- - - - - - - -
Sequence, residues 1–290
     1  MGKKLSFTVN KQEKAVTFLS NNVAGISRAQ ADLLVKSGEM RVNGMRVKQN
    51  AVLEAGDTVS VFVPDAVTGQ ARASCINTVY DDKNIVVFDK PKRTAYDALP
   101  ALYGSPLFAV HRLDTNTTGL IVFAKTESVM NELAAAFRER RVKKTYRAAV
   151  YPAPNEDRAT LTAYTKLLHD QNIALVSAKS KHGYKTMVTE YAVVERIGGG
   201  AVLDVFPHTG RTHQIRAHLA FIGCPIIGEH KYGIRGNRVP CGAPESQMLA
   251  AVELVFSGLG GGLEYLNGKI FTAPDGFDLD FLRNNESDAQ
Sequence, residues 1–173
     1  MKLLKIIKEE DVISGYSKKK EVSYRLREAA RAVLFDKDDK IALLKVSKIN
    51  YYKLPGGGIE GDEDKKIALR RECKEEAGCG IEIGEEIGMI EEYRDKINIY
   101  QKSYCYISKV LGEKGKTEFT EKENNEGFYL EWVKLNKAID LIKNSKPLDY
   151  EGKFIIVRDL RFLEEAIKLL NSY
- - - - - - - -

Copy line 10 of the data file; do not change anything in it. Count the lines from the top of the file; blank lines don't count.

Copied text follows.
    51  YYKLPGGGIE GDEDKKIALR RECKEEAGCG IEIGEEIGMI EEYRDKINIY